Poet's Address to the State and Church of England—The Pastor not inferior to the ancient Worthies of the Church—He begins his Narratives with an Instance of unrequited love—Anguish of mind subdued—and how—The lonely Miner, an Instance of Perseverance, which leads by contrast to an Example of abused talents, irresolution, and weakness—Solitary, applying this covertly to his own case, asks for an Instance of some Stranger, whose dispositions may have led him to end his days here—Pastor, in answer, gives an account of the harmonizing influence of Solitude upon two Men of opposite principles, who had encountered agitations in public life—The Rule by which Peace may be obtained expressed—and where—Solitary hints at an over-powering Fatality—Answer of the Pastor—What subjects he will exclude from his Narratives—Conversation upon this—Instance of an unamiable Character, a Female—and why given—Contrasted with this, a meek Sufferer, from unguarded and betrayed Love—Instance of heavier guilt—and its consequences to the Offender—With this Instance of a Marriage Contract broken is contrasted one of a Widower, evidencing his faithful affection towards his deceased Wife by his care of their female Children—Second Marriage of a Widower prudential and happy.




Impression of these Narratives upon the Author's mind—Pastor invited to give account of certain Graves that lie apart—Clergyman and his Family—Fortunate influence of change of situation—Activity in extreme old age—Another Clergyman, a character of resolute Virtue—Lamentations over misdirected applause—Instance of less exalted excellence in a deaf Man—Elevated character of a blind Man—Reflection upon Blindness—Interrupted by a Peasant who passes—his animal cheerfulness and careless vivacity—He occasions a digression on the fall of beautiful and interesting Trees—A female Infant's Grave—Joy at her Birth—Sorrow at her Departure—A youthful Peasant—his patriotic enthusiasm—distinguished qualities—and untimely Death—Exultation of the Wanderer, as a patriot, in this Picture—Solitary how affected—Monument of a Knight—Traditions concerning him—Peroration of Wanderer on the transitoriness of things and the revolutions of society—Hints at his own past Calling—Thanks the Pastor.



Pastor's apprehensions that he might have detained his Auditors too long—Invitation to his House—Solitary disinclined to comply—rallies the Wanderer; and somewhat playfully draws a comparison between his itinerant profession and that of the Knight-errant—which leads to Wanderer's giving an account of changes in the Country from the manufacturing spirit—Favourable effects—The other side of the picture, and chiefly as it has affected the humbler classes—Wanderer asserts the hollowness of all national grandeur if unsupported by moral worth—gives Instances—Physical science unable to support itself—Lamentations over an excess of manufacturing industry among the humbler Classes of Society—Picture of a Child employed in a Cotton-mill—Ignorance and degradation of Children among the agricultural Population reviewed—Conversation broken off by a renewed Invitation from the Pastor—Path leading to his House—Its appearance described—His Daughter—His Wife—His Son (a Boy) enters with his Companion—Their happy appearance—The Wanderer how affected by the sight of them.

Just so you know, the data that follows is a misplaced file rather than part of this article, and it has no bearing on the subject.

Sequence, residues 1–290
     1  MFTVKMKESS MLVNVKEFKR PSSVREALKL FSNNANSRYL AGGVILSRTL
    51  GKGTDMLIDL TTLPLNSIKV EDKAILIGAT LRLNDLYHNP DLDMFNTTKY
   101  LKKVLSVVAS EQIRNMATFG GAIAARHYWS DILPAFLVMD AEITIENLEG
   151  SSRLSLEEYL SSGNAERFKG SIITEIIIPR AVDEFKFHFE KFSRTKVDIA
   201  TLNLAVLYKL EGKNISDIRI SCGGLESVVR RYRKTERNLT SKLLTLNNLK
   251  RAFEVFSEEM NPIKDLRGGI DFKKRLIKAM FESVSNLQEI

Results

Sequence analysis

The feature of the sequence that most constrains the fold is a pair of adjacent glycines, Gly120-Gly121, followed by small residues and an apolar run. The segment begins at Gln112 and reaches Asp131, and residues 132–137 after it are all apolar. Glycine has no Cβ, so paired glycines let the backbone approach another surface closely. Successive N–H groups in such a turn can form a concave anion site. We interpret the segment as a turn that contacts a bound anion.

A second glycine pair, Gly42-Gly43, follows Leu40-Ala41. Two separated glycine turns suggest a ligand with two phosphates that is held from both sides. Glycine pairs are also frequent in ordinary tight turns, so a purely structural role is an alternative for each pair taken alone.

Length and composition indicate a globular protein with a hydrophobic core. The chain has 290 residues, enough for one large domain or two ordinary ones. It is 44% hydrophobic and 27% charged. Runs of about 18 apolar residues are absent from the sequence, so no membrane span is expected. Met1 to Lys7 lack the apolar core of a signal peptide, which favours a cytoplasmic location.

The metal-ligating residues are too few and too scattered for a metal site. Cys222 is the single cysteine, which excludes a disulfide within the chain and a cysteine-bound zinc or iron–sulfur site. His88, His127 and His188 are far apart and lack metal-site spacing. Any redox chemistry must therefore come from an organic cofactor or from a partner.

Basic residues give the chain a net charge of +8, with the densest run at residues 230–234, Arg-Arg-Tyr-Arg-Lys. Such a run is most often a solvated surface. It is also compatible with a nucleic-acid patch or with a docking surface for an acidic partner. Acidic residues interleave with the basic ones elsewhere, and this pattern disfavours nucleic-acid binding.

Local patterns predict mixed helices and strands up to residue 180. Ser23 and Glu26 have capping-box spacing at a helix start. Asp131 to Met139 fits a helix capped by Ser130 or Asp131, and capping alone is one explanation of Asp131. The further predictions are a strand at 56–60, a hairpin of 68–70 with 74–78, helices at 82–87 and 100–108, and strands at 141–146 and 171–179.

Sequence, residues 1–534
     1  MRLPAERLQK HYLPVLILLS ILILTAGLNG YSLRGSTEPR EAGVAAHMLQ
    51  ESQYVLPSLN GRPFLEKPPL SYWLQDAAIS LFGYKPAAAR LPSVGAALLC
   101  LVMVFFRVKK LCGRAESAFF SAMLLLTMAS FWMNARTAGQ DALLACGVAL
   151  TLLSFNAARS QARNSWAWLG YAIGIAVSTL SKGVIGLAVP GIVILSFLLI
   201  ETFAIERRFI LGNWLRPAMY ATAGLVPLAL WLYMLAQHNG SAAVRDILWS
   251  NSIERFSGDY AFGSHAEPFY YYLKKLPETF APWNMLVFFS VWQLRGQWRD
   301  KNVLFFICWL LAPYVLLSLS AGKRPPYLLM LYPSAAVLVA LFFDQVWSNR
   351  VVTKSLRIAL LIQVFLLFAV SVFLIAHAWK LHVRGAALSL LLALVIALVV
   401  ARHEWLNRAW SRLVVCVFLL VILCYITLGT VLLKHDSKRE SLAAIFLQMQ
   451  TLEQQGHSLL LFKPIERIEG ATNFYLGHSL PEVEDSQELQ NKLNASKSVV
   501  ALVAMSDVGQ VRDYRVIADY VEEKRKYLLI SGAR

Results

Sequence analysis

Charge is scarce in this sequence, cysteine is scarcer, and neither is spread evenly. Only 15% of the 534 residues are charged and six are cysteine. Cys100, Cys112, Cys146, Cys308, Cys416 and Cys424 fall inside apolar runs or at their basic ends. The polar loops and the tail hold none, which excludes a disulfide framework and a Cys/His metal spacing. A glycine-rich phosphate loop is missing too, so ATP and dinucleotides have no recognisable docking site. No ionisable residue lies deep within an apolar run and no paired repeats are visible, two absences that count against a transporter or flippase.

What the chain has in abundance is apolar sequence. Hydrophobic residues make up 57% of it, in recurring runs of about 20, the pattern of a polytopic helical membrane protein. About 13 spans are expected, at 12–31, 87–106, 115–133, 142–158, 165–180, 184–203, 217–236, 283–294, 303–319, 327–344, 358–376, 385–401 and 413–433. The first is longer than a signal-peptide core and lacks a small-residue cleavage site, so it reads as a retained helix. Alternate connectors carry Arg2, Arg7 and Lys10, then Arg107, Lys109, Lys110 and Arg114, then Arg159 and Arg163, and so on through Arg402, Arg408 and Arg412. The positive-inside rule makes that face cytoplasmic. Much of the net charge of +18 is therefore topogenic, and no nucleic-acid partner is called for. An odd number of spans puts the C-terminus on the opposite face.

Wanderer asserts that an active principle pervades the Universe—Its noblest seat the human soul—How lively this principle is in Childhood—Hence the delight in old age of looking back upon childhood—The dignity, powers, and privileges of Age asserted—These not to be looked for generally but under a just government—Right of a human Creature to be exempt from being considered as a mere Instrument—Vicious inclinations are best kept under by giving good ones an opportunity to shew themselves—The condition of multitudes deplored from want of due respect to this truth on the part of their superiors in society—Former conversation recurred to, and the Wanderer's opinions set in a clearer light—Genuine principles of equality—Truth placed within reach of the humblest—Happy state of the two Boys again adverted to—Earnest wish expressed for a System of National Education established universally by Government—Glorious effects of this foretold—Wanderer breaks off—Walk to the Lake—embark—Description of scenery and amusements—Grand spectacle from the side of a hill—Address of Priest to the Supreme Being—in the Course of which he contrasts with ancient Barbarism the present appearance of the scene before him—The change ascribed to Christianity—Apostrophe to his Flock, living and dead—Gratitude to the Almighty—Return over the Lake—Parting with the Solitary—Under what circumstances.

This work was published before January 1, 1928, and is in the public domain worldwide because the author died at least 100 years ago.